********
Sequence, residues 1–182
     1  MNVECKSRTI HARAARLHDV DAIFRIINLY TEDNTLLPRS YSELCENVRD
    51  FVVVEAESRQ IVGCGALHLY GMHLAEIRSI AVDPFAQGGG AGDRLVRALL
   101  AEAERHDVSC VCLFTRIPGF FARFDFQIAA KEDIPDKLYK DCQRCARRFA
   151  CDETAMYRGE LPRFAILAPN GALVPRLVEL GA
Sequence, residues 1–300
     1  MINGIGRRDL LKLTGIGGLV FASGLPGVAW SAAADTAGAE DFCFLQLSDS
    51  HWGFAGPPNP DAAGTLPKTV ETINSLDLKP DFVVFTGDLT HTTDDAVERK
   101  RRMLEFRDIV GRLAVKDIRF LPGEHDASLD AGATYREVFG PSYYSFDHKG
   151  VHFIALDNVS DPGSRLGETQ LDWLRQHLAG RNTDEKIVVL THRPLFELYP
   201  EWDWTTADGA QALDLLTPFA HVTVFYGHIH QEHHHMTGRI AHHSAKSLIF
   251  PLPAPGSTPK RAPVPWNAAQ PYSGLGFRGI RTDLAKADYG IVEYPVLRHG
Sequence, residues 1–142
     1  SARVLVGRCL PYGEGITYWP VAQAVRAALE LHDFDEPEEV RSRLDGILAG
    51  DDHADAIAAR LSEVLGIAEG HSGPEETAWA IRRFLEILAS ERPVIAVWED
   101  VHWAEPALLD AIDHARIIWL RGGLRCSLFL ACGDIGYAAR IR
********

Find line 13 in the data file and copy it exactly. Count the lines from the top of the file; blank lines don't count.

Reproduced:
Sequence, residues 1–142